News / Africa

CAR's Djotodia to Review Minerals Deals

Michel Djotodia, center, rebel leader who declared himself president, arrives for meetings with government armed forces, Bangui, Central African Republic, March 28, 2013.
Michel Djotodia, center, rebel leader who declared himself president, arrives for meetings with government armed forces, Bangui, Central African Republic, March 28, 2013.
Reuters
— Central African Republic's new President Michel Djotodia, who seized power last week, said on Friday he would review resource deals signed by the previous government and promised to step down at elections in 2016.

Djotodia, a former civil servant turned rebel leader, said he would seek aid from former colonial power France and the United States to retrain the ill-disciplined army, which was easily overrun by fighters from his Seleka rebel coalition.

Paris and Washington have called for the rebels to respect a power-sharing deal signed in the Gabonese capital Libreville in January which mapped out a transition to elections in 2016 at which then-President Francois Bozize was forbidden from running.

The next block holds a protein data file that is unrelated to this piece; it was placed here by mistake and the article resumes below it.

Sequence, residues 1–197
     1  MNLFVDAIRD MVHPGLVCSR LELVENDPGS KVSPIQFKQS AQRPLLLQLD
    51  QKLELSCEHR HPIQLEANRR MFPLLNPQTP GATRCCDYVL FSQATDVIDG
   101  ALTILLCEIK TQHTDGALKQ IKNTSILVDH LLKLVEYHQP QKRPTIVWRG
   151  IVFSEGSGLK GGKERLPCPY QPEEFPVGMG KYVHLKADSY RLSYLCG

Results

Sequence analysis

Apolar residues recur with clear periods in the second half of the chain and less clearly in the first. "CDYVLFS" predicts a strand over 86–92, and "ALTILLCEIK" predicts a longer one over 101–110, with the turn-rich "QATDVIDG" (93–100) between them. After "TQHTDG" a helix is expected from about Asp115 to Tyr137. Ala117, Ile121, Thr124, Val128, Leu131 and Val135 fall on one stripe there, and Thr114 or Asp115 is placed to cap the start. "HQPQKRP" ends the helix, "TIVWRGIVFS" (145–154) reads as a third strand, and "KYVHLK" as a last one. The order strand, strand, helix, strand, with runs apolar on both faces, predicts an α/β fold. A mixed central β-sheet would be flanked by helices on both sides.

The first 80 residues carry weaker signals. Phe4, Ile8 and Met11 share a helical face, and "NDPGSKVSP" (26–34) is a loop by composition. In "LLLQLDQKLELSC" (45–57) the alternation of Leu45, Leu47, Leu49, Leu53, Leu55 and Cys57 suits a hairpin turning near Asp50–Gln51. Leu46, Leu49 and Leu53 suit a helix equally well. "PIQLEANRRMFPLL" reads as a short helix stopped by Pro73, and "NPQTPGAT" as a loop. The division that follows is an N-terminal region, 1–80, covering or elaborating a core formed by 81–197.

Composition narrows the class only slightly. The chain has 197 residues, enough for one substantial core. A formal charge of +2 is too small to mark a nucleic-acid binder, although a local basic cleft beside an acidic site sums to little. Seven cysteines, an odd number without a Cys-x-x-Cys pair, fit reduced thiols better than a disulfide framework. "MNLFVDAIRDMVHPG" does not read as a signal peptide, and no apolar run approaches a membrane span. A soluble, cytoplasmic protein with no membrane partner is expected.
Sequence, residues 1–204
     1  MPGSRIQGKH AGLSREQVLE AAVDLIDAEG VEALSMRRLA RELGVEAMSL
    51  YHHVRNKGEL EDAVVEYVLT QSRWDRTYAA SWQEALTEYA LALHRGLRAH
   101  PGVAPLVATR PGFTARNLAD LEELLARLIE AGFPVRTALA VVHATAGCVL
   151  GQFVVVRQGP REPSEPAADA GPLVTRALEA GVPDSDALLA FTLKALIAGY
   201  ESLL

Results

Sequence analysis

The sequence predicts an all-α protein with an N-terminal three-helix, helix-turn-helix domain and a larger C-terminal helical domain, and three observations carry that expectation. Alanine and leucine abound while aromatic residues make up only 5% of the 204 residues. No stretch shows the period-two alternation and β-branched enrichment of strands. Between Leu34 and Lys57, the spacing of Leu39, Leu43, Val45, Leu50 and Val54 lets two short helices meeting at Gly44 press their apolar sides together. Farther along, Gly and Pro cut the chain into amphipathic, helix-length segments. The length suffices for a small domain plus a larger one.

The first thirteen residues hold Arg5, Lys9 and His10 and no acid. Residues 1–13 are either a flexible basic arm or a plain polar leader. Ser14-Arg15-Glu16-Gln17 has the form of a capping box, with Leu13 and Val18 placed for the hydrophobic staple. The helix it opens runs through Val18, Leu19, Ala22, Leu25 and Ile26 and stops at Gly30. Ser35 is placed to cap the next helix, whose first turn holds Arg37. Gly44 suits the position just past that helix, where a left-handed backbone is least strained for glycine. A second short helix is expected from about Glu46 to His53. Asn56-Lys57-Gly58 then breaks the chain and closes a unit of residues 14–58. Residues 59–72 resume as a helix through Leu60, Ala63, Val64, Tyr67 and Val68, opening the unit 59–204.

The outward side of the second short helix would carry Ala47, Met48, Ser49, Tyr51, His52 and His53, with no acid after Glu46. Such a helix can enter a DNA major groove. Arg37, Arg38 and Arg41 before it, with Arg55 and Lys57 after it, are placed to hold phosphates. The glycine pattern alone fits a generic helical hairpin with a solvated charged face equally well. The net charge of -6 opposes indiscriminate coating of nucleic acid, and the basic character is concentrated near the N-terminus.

"We are going to act according to the spirit of the Libreville agreements," Djotodia told his first news conference since seizing power. "Anyone currently in power supporting our takeover will not contest the next presidential elections, myself included."

The rebel takeover has been strongly condemned internationally. The African Union suspended Central African Republic's membership and imposed sanctions on Seleka leaders, including Djotodia.

In a bid to tap the country's under-exploited mineral wealthy, Bozize had awarded China National Petroleum Corp (CNPC) rights to explore for oil at Boromata, in the country's northeast near the border with Chad.

South Africa's DIG oil is also prospecting in the southeast of the country, near the town of Carnot.

"I will ask the relevant ministers to see whether things were done badly, to try to sort them out," Djotodia said, when asked about resource licenses awarded to Chinese and South African firms by Bozize.

Bozize, who fled to Cameroon immediately after the coup, has requested asylum in the West African nation of Benin, Foreign Minister Nassirou Bako said.

"He has not yet arrived in Cotonou and everything indicates he is still in Cameroon," Nako said late on Thursday.

Change of direction

Although Central African Republic has deposits of gold, diamonds, oil and uranium, these remain largely untapped, and the coup-prone nation is one of the poorest on earth.